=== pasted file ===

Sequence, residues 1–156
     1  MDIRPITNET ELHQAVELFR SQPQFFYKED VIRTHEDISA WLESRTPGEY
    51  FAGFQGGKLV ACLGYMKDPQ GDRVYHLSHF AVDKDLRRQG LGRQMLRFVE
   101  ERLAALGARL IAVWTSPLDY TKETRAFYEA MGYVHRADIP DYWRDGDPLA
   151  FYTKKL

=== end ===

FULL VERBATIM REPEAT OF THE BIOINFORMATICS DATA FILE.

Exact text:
Sequence, residues 1–156
     1  MDIRPITNET ELHQAVELFR SQPQFFYKED VIRTHEDISA WLESRTPGEY
    51  FAGFQGGKLV ACLGYMKDPQ GDRVYHLSHF AVDKDLRRQG LGRQMLRFVE
   101  ERLAALGARL IAVWTSPLDY TKETRAFYEA MGYVHRADIP DYWRDGDPLA
   151  FYTKKL